SquareFoot.com CEO Interview: Why all Entrepreneurs Should Learn the Basics to Digital Marketing
When I founded my company, SquareFoot, in 2011, while still in business school, I had no idea that it would turn into something that would keep me busy full time for the next many years and that I would raise $29 million to grow it. It all originated with one phone call from a friend. A buddy from home had a business of his own and he was struggling to find office space that would suit him and his team. He thought of me because I had worked for a few years in commercial real estate before heading to graduate school.
Frustrations Often Drive Entrepreneurialism
After speaking with him, I realized that the reason he was out of luck, and so obviously frustrated, was that traditional brokerages don’t tend to work on smaller deals of his size. And that’s the conversation that changed everything for me, that propelled me when I graduated to dive in and start my own company that would cater specifically to growing companies like my friend’s and so many other startups.
It was easier said than done. Typically, the bigger brokerages would lean on past work and word of mouth marketing to promote themselves and the similar deals they’d done. I didn’t have those luxuries at my disposal then. I knew that lots of people needed the service I had envisioned, with the same level of customer service that I’d been trained to provide, but how was I going to find them, convince them I was the right broker for them, and to get them to stick with me over the many months it can take to find and then negotiate for the right office space?
Why Digital Marketing Knowledge is Crucial
Like all startup founders, I looked to reading on the internet to learn more about digital marketing. I didn’t have an expensive budget to invest in paid advertising or to plop down for a booth at industry events. I had to be more innovative, more resourceful. And that’s when I realized that if I’m Googling for answers, so must be all the other small business owners for their various needs and answers. So I read up about search engine optimization at the same time that we were building out our company website, in hopes that by combining those two pursuits we could create a superb user experience for digital searchers. This was all brand new to me, but I had a hunch I was onto something.
Important Business Lessons
We built then a first-of-its-kind online listings platform on our website to give greater transparency to the search that these business owners would be embarking on. The first rule of digital marketing, I discovered, was creating on behalf of the user a worthy and valuable digital presence. We didn’t set out to capture people with a curtain to hand off their names and numbers. Instead, the website would serve people well, giving them the ability to sift through listings the way they’d come to expect from residential sites like StreetEasy, Redfin, and Zillow. By giving people more access to listings themselves, I wasn’t hurting my business, rather I was building it. Once they found spaces they wanted to move into, they’d need a broker to work with, and I, or a member of my team, could execute those deals. It was truly a win-win. They got more information, and we got a series of high-intent leads.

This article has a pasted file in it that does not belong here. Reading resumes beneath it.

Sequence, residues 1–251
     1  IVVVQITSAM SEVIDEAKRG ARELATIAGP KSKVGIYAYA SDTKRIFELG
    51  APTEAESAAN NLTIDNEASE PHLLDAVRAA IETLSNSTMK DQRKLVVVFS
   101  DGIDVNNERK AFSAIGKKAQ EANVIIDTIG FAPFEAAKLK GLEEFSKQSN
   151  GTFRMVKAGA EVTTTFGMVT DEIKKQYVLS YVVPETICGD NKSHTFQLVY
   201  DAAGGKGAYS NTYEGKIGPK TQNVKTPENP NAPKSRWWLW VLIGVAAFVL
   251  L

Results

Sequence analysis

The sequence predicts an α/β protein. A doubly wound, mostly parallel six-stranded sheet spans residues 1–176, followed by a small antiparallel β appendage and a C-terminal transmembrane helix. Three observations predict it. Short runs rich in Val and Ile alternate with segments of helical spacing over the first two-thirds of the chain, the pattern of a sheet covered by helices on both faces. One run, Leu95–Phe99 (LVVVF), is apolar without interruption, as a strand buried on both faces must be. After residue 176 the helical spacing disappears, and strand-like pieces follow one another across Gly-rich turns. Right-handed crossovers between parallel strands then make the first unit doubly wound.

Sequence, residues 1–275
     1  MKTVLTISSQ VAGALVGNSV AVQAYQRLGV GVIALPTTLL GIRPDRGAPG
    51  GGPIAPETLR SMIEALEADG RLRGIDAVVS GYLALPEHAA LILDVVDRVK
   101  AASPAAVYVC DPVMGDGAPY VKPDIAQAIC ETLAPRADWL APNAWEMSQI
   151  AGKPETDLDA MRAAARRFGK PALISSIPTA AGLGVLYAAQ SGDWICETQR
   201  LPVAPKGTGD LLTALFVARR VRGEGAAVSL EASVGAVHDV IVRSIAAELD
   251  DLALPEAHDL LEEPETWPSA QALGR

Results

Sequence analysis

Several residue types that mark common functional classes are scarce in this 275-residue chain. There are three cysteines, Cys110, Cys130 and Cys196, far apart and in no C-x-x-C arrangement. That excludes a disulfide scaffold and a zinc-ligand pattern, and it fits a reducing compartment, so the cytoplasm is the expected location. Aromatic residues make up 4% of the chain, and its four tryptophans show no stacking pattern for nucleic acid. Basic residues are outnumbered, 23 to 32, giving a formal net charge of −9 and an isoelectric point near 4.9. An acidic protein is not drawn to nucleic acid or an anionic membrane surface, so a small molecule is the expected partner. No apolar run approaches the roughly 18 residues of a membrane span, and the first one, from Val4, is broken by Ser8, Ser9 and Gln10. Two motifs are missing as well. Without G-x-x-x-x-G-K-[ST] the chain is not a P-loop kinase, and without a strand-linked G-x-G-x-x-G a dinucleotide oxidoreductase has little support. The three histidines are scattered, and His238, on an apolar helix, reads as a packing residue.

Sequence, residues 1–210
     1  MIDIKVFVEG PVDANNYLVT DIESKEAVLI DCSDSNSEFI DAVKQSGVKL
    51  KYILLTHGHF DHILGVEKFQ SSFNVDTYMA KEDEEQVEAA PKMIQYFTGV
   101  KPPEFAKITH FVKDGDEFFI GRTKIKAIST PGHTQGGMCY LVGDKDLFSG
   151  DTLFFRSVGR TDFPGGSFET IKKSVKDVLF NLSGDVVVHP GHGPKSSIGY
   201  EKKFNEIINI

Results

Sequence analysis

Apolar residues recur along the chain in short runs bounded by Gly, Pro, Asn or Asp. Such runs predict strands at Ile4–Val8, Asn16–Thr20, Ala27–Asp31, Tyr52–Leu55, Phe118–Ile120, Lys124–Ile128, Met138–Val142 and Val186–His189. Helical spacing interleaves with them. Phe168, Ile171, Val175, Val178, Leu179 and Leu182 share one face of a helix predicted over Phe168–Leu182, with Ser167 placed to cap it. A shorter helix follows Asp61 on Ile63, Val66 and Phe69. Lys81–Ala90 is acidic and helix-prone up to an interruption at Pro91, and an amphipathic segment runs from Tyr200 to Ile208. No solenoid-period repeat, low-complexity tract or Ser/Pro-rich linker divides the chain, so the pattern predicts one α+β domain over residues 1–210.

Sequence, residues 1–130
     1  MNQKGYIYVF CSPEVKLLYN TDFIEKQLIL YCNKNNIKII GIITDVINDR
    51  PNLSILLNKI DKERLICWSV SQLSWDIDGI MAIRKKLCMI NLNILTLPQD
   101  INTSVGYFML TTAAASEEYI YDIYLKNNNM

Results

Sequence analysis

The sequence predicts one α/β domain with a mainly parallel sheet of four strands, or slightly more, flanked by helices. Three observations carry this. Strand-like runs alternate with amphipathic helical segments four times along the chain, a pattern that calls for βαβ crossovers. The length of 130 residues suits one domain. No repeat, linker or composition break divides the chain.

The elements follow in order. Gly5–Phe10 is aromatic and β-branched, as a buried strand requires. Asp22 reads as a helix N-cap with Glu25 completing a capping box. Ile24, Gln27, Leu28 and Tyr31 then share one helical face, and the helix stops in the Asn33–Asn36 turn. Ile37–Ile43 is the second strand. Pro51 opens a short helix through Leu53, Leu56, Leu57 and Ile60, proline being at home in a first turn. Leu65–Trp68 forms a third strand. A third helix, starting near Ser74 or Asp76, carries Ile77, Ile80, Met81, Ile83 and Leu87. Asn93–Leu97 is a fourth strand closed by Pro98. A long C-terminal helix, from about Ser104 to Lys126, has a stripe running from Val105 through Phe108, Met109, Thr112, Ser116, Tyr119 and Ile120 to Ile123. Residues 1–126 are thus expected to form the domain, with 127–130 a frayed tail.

Eight years later, I continue to learn more every day about my business and how to grow it. But one of the areas I enjoy most and continue to be challenged by is the digital marketing component. Commercial real estate is a traditional industry filled with brokers who operate the same way today as they did 25 years ago. As we’ve witnessed so much digital disruption in other areas of business, much of what was built (systems, hierarchies, operations) many decades ago remains the same. That, for entrepreneurial types like me, is a key indication that there’s an opportunity to change the status quo and go about things differently.
Finding the Voids
I advise young entrepreneurs these days to assess which areas of an industry are outdated and overlooked. Usually, there’s a better way to do things, even if it’s not yet the industry standard. In this day and age, most to all industries should be sourcing leads via organic search – especially in their company’s first years – when they can convert users who are finding poor results for what should be more available to them. To get there, though, you have to do more than launch your business and put out a press release introducing yourself to the world. You have to go searching for those wayward searchers and give them a destination to come to, embrace, and enjoy. It’s through that transparency and trust that they’ll eventually share with you their contact information to get started with you.
I’m building the same rapport online that I expect from my team offline. We want people, no matter who they are or what they seek, to come to us when they’re ready, to tell us what they need, and to allow us to guide them toward their goal. Digital marketing makes that process so much simpler, as they will type into Google what they need. You just have to be ready on the other end, from both a technical standpoint and from a customer service one, to welcome them and to give them what they’re looking for.
I would imagine that there are other industries beyond commercial real estate that are sitting in 2020 ready and poised for change. The next generation of entrepreneurs will invest in their companies and also in their marketing education to build something spectacular. Today’s clients await these results to emerge and arise.
Jonathan Wasserstrum, SquareFoot CEO, has worked for 12 years in commercial real estate and eight years with digital marketing.
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